As a leader, I have been on a LEAN journey for a number of years. But it was only within the last 12 months that I have been exposed to the concept of LEAN accounting. As my interaction with other LEAN leaders has intensified, I have started to ask the question, “Are you doing anything with LEAN in your accounting area?” And, almost without exception, the answer is “no,” or “not yet.” However, this isn’t surprising, as had you asked me the same question just 6 months ago, the answer would have been identical.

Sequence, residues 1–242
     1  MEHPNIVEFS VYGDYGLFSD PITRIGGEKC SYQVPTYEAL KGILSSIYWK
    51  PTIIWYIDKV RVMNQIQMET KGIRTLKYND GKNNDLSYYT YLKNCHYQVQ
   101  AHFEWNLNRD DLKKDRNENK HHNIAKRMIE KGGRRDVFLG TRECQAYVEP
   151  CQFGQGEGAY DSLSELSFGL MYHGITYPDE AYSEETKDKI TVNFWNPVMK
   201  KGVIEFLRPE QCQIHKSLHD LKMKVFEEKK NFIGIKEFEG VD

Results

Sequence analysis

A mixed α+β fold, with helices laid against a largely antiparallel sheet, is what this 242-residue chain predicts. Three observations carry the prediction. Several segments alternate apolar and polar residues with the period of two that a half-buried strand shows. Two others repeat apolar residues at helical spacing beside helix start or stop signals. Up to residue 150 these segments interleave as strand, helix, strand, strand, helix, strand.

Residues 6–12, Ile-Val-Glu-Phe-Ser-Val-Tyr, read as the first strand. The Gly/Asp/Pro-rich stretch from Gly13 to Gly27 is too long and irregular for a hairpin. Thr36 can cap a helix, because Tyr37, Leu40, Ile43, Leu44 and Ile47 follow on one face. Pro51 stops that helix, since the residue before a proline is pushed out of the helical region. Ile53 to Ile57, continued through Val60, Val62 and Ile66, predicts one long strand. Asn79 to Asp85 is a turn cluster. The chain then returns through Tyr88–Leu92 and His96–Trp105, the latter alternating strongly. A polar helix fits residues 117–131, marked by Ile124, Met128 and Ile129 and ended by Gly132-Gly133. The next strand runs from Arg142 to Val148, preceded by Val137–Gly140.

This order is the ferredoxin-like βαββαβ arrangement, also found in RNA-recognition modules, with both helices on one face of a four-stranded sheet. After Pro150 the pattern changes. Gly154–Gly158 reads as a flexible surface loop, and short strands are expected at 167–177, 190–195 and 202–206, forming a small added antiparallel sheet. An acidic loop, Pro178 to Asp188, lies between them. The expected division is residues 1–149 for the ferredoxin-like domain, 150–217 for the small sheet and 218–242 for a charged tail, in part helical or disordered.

My role at Cambridge is unique in that, as COO and CFO, I have a leadership role in both operations and finance. In the world of LEAN, the operations folks are generally the most rapid implementers. This has been true in our case, and most of my LEAN learning has been on the operations side of the business. However, once I was exposed to LEAN accounting, it became clear to me that, absent considerable leadership changes on my part, I was going to quickly become a liability, vs. an asset, in our LEAN efforts. The reality is that any LEAN journey that does not include the accounting and finance areas of an organization is bound to be severely limited in its ability to deliver on all of the wonderful promises of LEAN. The experts in this area like Brian Maskell, Jean Cunningham and Orry Fiume are all passionate in their pointing out that traditional accounting does a poor job of accurately reflecting a company’s financial performance. And that when a company decides to truly embrace LEAN principles, the financial executives are frequently not prepared for how these principles will impact their areas of responsibility. However, this lack of awareness is not the worst part. They point out that the lack of preparedness in the accounting and finance roles will actually HINDER the pace and effectiveness of any LEAN initiative within an organization. So, the obvious question is “Why?” Why do financial executives so frequently find themselves following, rather than leading, during a LEAN initiative? Has your company implemented LEAN in the finance/accounting area? If not, why not? This is intended as the first of a series of blog posts that consider the leadership characteristics that, I believe, are required for a financial executive to move from following to leading a LEAN transformation. Or, at a minimum, if not leading, then acting as a key participant in a LEAN leadership team. First up in the next post…HUMILITY.